5. Post Regularly and Save Often – The best way to get a search engine or other bloggers to write about you is if you have at least one new post a day. Have a big topic? Break it up, make it a series, do a summary first and then take it a little at a time. As I was writing this post, I accidentally had the wrong part of the browser highlighted, hit the backspace key and lost it all! If you’re doing your posting on a web page and not using something like Microsoft Windows Live Writer, then make sure that you save from time to time– also so you can see formatting.

Comments

7 Comments

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  • Mary says on: January 17, 2007 at 11:18 am

     

    Wow so much here! Thanks to you I’m glad I at least know what FTP stands for!

    Love the sounds of Captcha…wish Blogger people had that, I get soooo tired of filling in numbers/letters for spam catchers!

  • ann_in_grace says on: January 17, 2007 at 2:42 pm

     

    Mary, but I hope it will not prevent You from commenting on my blog for good? 😉

    MIN, this .htaccess thing – I do not understand, although I know that I have something like that within my domain (sveana.com). By the way, You are, all of you, welcome to visit there, just add www. before it.

    Mary, what did You say about backing from commenting? 😉

  • MInTheGap says on: January 17, 2007 at 2:52 pm

     

    .htaccess tells the web server (apache?) how to resolve the url when it comes in. This file takes what would otherwise be a directory path, and instead uses it to access the database. I’m new to the whole thing, so if I use big words it’s because it is descriptive as I can get!

  • Mary says on: January 17, 2007 at 11:28 pm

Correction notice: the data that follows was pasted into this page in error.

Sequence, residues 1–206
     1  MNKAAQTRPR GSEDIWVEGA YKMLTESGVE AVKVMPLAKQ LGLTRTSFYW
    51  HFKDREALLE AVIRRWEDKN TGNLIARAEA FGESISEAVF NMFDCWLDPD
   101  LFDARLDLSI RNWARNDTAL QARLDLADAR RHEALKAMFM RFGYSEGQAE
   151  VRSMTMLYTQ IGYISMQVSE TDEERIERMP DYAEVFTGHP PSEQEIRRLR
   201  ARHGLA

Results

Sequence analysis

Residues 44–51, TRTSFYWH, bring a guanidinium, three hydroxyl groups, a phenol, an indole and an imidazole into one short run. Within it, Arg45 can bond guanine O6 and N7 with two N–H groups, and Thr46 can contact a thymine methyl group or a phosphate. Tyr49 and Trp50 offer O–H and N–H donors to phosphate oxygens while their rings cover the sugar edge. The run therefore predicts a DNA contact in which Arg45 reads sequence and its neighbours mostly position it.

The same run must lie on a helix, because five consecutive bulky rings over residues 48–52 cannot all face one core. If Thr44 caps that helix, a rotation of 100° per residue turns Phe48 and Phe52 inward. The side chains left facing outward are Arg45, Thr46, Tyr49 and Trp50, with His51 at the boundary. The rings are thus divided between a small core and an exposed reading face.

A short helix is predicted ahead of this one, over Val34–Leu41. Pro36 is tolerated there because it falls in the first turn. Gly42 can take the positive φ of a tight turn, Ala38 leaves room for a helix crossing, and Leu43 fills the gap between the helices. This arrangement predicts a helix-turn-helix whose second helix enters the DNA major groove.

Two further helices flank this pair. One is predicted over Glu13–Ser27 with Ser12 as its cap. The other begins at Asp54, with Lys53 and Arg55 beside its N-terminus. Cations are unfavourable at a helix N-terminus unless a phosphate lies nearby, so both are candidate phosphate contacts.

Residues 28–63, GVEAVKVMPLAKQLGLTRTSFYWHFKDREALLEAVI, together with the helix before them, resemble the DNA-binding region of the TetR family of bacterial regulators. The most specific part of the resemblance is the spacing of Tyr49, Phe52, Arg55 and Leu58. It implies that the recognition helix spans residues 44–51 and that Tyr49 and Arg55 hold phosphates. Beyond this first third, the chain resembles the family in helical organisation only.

Of course I’ll still come to your blog, Ann! I didn’t say it annoyed me to the point of no return, just that it annoys me! A necessary annoyance, unless blogger users could install this captcha!

    I did back off from commenting, but yesterday or the day before (can’t remember) I killed time reading/commenting here while I waited for Windows Live Writer to download…twas fun. Besides, I wasn’t that far behind you…and I wasn’t commenting to win any competition!

    PS, I visited your site and emailed you about it! Wow!

  • Rebecca says on: January 18, 2007 at 1:39 pm

     

    Was this just for me? Surely not, but I definitely need all the help I can get.

  • MInTheGap says on: January 18, 2007 at 2:16 pm

     

    It’s actually a combination. I’m in the process of helping someone (who comments here regularly) set up a new self-hosted wordpress blog and since I’m going through the exercise I’m working through the things that need to be done. However, I also stopped by your site and saw the permalinks thing and it reminded me of that point. If it’s any consolation, it took me quite a while to change and realize the benefit of changing my permalinks.

    Let me know if you need any assistance or would like other pointers.

  • Mary says on: January 18, 2007 at 4:40 pm

     

    Hm, “who comments here regularly”…that could be anyone these days… :O)

MInTheGap

Standing in the Gap in a Society that's Warring with God.